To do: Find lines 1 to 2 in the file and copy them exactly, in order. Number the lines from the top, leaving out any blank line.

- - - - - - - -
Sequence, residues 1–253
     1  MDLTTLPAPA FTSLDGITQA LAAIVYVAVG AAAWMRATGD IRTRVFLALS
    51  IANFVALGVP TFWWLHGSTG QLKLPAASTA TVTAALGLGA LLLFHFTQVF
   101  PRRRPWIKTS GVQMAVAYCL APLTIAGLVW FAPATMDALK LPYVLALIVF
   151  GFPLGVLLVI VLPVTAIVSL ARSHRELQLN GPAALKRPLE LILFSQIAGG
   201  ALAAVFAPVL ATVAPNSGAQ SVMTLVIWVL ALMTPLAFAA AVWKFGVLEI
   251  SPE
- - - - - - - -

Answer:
Sequence, residues 1–253
     1  MDLTTLPAPA FTSLDGITQA LAAIVYVAVG AAAWMRATGD IRTRVFLALS